Last modified: Thursday, September 22, 2005
IUB to host conference on "The University and Fair Trade"
FOR IMMEDIATE RELEASE
Sept. 22, 2005
BLOOMINGTON, Ind. -- "The tremendous purchasing power of universities opens an opportunity for universities and university communities to promote corporate social accountability and tangible social change in the areas of human rights, labor rights and environmental protection," says Christiana Ochoa, a professor in the Indiana University School of Law-Bloomington and a panelist at the upcoming conference, "The University and Fair Trade."
The conference, to be hosted by IU's Anti-Sweatshop Advisory Committee on Sept. 29-30 on the IU Bloomington campus, will explore Ochoa's assertion. Among the questions to be asked are how universities can use their purchasing power to promote positive change for workers, and how they can support workers' rights in factories that produce goods with university logos. The conference is free and open to the public.
Featured speakers include university professors, student anti-sweatshop activists, university licensing directors and the director of the Workers Rights Consortium.
Speakers during the first session on Sept. 29, 1-2:15 p.m. in Ballantine Hall 004, will review the working conditions of many in the garment industry, the biggest industrial sector manufacturing university-licensed products.
The second session, 3-5 p.m. in Ballantine Hall 004, will discuss "What is fair trade?" and will feature IU's Ochoa, economist Mehrene Larudee of DePaul University, and Scott Nova, executive director of the WRC.
On Sept. 30, the conference will continue from 9:30 to 11:30 a.m. in Ballantine Hall 004 with a session on what universities currently are doing to promote workers' rights. Current licensing codes of conduct and their implementation at Indiana University, the University of Notre Dame and Duke University will be detailed.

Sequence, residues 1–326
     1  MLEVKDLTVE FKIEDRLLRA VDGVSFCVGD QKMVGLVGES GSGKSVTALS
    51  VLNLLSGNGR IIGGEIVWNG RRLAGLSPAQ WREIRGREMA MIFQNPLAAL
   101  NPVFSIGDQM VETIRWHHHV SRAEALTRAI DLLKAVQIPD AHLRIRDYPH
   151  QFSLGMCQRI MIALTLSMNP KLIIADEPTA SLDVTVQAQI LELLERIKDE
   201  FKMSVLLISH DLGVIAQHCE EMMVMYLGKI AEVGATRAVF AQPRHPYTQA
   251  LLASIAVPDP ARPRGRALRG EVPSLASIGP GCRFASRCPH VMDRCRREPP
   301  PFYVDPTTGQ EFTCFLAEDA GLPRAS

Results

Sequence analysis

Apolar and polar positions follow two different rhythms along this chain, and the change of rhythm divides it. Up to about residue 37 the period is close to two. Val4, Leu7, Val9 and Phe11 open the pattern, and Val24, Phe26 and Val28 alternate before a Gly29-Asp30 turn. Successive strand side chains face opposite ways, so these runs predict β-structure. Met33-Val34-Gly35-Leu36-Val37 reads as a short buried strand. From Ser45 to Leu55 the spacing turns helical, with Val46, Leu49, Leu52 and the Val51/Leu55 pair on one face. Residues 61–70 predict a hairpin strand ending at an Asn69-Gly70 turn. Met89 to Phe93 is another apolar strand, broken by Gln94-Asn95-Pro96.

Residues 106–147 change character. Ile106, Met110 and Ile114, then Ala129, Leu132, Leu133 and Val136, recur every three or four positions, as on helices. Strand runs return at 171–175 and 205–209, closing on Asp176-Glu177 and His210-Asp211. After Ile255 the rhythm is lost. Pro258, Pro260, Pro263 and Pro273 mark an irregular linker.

The final Friday session, scheduled for 1-3 p.m., will move to Woodburn Hall 007. Speakers will propose additional steps that universities can take in support of fair trade and to further support the rights of workers around the world.
The IU Anti-Sweatshop Advisory Committee was formed shortly after the IU licensing department adopted a licensee code of conduct in 2000. This code requires that all companies which hold a license to sell products with the IU name or logo must ensure that workplaces where the products are produced meet minimum standards of workers' rights and safety.
The IU advisory committee meets regularly throughout the academic year to discuss factory reports which suggest that these minimum standards are not being met. These reports are generally forwarded to IU by the Workers Rights Consortium, a national non-profit organization with more than 130 affiliated colleges and universities. The WRC works with non-governmental agencies in countries throughout the world to monitor workplace conditions.
For full details about speakers, session times and locations, please see http://www.indiana.edu/~wrciu.
For more information, contact Isabel Piedmont of the IU Anti-Sweatshop Conference Steering Committe at 812-855-5458 or email@example.com.